Around Thanksgiving of 2015, it seemed impossible to watch the news without seeing reports of another E. coli outbreak. The infection tsunami started to gather momentum in early October, when illnesses resulting from the nasty foodborne bacteria were reported in several states, including Montana, Utah, and Colorado, by Costco customers who had eaten the store’s rotisserie chicken salad.
Later in October, public health officials in Washington and Oregon identified an initial outbreak of a rare E. coli strain in people who had fallen ill after eating at multiple Chipotle Mexican Grill locations. In December, a second, smaller outbreak of a different rare E. coli strain was identified in three Midwestern states.
According to the Centers for Disease Control and Prevention (CDC), a total of 79 people in 21 states got sick—and for every reported case, news outlets published more than fifty stories.
The guilty Chipotle ingredient was never identified. In February 2016, the Wall Street Journal published a story in which unidentified sources suggested the culprit may have been contaminated Australian beef. The same article said the CDC pointed fingers at the produce. Either way, the agency’s official determination was that the source was unknown.
Costco’s outbreak was traced back to the diced celery and onion blend in its rotisserie chicken salad, which was produced by Taylor Farms Pacific, Inc., a fresh-cut fruit and vegetable wholesaler headquartered in California.
The CDC declared Costco in the clear at the end of December, but Chipotle wasn’t cleared until February. Though the particular strain of E. coli that caused the Costco outbreak–Escherichia coli O157:H7–is potentially more life-threatening than the two strains that caused Chipotle’s, it took a much harder hit in the arena of public opinion: Chipotle’s stock prices dropped 33 percent, while Costco finished out the year with a 6.4 percent gain.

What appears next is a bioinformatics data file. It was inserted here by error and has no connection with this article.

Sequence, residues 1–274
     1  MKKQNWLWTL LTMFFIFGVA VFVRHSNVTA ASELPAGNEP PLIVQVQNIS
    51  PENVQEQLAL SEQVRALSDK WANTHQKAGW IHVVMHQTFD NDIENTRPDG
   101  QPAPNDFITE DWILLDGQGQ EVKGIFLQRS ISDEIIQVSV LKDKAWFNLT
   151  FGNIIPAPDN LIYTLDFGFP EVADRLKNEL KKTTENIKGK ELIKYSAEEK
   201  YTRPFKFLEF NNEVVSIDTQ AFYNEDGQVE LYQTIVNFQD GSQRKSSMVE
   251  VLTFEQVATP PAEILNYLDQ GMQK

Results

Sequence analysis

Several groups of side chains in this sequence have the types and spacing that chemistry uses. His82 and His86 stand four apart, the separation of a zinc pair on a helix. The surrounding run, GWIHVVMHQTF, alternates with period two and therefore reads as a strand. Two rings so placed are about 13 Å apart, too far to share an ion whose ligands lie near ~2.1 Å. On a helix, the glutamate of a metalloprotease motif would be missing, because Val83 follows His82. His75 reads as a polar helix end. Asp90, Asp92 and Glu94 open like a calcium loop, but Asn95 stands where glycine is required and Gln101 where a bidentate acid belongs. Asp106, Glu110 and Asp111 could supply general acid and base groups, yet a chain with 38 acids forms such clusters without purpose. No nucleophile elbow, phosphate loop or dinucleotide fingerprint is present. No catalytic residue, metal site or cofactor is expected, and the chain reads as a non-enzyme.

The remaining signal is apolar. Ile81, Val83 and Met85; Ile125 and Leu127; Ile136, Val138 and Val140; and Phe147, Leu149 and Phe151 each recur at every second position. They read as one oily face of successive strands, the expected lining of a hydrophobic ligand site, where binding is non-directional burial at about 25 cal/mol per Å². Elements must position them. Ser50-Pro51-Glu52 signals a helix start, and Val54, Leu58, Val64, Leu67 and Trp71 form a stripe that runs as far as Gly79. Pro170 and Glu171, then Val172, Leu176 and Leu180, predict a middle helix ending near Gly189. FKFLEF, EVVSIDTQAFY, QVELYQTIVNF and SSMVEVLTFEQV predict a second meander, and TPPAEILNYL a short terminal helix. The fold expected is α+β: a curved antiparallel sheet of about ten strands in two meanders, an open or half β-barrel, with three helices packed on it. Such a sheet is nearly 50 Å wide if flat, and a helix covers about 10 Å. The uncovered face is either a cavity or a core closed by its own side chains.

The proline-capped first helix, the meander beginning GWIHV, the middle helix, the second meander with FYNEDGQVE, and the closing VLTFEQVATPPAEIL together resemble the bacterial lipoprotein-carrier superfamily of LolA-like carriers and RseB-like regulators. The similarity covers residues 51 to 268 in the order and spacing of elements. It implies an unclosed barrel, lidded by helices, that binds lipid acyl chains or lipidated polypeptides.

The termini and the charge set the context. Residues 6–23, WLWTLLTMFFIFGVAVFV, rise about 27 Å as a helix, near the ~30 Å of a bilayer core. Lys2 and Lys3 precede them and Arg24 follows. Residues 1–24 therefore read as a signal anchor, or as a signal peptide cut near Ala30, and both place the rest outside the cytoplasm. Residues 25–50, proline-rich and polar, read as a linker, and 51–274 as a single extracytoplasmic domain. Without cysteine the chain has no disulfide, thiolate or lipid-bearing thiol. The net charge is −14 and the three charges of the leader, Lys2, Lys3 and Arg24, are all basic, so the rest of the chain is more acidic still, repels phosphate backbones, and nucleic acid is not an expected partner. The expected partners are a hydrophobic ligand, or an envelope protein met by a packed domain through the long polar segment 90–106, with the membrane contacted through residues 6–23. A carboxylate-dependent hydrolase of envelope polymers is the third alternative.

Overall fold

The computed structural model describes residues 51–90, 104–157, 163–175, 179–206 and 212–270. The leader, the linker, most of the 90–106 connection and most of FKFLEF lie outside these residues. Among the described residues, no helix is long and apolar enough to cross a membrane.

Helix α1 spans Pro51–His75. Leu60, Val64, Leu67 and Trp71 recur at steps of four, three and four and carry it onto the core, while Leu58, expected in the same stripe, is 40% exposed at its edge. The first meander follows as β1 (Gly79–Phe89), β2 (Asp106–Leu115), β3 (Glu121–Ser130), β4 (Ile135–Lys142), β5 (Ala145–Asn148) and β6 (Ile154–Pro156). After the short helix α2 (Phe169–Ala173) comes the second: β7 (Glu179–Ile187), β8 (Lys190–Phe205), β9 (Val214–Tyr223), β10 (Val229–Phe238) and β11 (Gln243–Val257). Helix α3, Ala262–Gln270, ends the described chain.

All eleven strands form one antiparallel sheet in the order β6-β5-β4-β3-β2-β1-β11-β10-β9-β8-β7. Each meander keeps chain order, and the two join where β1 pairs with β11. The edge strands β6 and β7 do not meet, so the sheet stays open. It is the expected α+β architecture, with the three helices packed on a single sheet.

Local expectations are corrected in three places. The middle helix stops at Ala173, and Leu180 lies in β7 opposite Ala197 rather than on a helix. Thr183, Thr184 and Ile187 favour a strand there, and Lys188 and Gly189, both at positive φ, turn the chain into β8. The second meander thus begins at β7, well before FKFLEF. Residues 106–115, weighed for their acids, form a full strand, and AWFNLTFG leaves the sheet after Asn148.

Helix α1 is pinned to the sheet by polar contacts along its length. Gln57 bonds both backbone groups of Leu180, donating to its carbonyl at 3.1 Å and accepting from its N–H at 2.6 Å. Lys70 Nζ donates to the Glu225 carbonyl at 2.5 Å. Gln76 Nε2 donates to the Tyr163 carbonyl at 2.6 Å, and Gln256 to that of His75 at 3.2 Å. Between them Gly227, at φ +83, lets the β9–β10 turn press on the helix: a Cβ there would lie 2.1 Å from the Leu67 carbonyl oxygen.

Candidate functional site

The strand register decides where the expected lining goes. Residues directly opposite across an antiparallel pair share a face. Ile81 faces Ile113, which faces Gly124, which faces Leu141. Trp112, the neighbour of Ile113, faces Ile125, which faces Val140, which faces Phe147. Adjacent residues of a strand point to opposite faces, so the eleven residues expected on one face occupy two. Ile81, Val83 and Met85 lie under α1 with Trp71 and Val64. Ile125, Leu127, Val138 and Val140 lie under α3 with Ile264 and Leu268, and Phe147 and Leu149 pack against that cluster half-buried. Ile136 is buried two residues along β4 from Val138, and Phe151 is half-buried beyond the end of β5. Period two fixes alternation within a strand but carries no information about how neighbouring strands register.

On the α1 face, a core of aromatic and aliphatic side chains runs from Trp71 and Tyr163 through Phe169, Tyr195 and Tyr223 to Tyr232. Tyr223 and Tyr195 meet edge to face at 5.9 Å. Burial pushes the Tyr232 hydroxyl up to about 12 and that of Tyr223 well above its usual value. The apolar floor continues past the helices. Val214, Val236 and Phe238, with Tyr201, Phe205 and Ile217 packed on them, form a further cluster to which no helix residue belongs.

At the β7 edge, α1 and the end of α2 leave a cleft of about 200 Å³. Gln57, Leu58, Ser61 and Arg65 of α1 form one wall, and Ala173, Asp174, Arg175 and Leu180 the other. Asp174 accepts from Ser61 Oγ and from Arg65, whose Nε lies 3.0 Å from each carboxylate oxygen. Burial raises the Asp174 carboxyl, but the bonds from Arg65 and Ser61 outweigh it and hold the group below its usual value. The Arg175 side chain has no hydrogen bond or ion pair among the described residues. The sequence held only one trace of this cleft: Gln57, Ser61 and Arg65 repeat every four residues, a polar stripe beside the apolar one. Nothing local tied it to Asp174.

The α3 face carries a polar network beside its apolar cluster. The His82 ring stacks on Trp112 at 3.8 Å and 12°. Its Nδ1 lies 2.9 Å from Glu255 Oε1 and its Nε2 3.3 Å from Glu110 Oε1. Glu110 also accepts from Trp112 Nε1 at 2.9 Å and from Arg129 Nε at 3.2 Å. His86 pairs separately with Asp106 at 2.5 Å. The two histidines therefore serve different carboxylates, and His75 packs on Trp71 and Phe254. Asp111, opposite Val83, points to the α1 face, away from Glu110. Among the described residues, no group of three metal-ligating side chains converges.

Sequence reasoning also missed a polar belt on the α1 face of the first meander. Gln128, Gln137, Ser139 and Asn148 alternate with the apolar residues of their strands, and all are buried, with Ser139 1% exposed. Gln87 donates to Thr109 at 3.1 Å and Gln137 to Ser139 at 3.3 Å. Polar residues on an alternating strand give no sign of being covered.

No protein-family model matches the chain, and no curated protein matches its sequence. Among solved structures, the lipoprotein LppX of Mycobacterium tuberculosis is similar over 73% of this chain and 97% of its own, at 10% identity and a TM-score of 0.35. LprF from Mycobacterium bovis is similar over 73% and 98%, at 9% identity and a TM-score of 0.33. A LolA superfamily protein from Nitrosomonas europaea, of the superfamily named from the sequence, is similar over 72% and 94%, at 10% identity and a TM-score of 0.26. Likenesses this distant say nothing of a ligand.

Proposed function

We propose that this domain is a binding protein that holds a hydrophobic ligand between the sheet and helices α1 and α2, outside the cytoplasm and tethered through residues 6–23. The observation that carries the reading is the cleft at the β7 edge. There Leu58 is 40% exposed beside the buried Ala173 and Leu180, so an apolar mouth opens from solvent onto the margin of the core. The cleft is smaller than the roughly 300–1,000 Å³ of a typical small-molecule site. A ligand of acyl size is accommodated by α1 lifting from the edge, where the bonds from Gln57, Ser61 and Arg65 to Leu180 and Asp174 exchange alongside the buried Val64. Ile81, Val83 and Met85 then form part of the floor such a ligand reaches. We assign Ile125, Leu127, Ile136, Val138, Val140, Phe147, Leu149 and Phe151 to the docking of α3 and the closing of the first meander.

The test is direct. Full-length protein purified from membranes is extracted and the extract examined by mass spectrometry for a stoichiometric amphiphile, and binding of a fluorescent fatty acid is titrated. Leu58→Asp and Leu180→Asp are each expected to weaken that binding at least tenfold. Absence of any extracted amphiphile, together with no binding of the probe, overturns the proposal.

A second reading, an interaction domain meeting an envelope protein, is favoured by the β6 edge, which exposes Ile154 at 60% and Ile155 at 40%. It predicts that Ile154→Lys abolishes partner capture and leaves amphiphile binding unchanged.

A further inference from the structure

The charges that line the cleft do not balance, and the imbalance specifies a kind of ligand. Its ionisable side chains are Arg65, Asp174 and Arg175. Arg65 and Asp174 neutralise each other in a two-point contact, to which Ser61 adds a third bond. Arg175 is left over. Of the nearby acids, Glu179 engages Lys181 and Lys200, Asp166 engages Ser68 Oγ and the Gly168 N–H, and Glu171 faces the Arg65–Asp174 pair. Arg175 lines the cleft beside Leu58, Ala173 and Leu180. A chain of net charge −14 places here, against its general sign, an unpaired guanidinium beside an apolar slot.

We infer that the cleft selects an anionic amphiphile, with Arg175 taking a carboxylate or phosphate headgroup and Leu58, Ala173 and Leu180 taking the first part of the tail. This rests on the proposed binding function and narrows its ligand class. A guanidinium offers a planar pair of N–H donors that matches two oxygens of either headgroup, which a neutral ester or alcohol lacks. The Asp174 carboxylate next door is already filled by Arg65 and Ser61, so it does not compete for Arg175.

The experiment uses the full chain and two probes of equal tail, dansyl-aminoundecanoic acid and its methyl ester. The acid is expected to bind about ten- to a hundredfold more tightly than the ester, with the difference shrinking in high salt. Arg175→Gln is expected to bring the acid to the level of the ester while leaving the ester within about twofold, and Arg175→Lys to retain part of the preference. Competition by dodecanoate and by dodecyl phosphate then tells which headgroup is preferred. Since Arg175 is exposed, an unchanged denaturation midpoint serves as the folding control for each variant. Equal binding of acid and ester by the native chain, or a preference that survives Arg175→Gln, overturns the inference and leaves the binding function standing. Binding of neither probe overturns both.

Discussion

So how did Costco come out on top while Chipotle lost a third of its value? A report released today by Meltwater Group, a media intelligence company, analyzed 30 million tweets per day and news stories from over 200,000 news sources to inform its Summer 2016 Fast Food Industry Report. One portion of the report analyzes data from January 2015 through May 2016 to quantify the impact of media coverage on the Chipotle and Costco outbreaks.
“The reason social media monitoring adds an interesting texture to this is people do talk about this stuff all the time,” says Omid Mirshafiei, one of the report’s authors, who collaborated with Meltwater’s engineers and data science team on the project. “If people are going to bad-mouth a product… it’s going to be on social media. It’s not going to come up in an earnings column. It’s not going to come up on CDC’s official website.”
To wit: In early June, Eric Van Lustbader, who took over authorship of the Jason Bourne novel series after its creator died, tweeted that his editor was hospitalized after eating at a Chipotle in Manhattan, and the company’s stock dropped by as much as 3.7 percent (estimated at $300 million) in a single morning.
When it comes to media coverage, not all outbreaks are created equal. To put the above chart in context: Chipotle, the brand, gets more news coverage than Costco, the brand, generally speaking—10 percent more coverage, according to the report. But the numbers look different when you consider outbreak stories as they relate to the total number of stories about the brand. For Chipotle, outbreak news generated 116 percent of total news compared to brand news in general (meaning you probably saw more outbreak porn than you saw free burrito promos, odd short films, and outrage over the carnitas shortage, combined). Costco’s chicken salad catastrophe, on the other hand, only made up about 40 percent of the brand’s total news coverage. So last year, you were probably reading about its discount organics program a lot more often than its E. coli scare.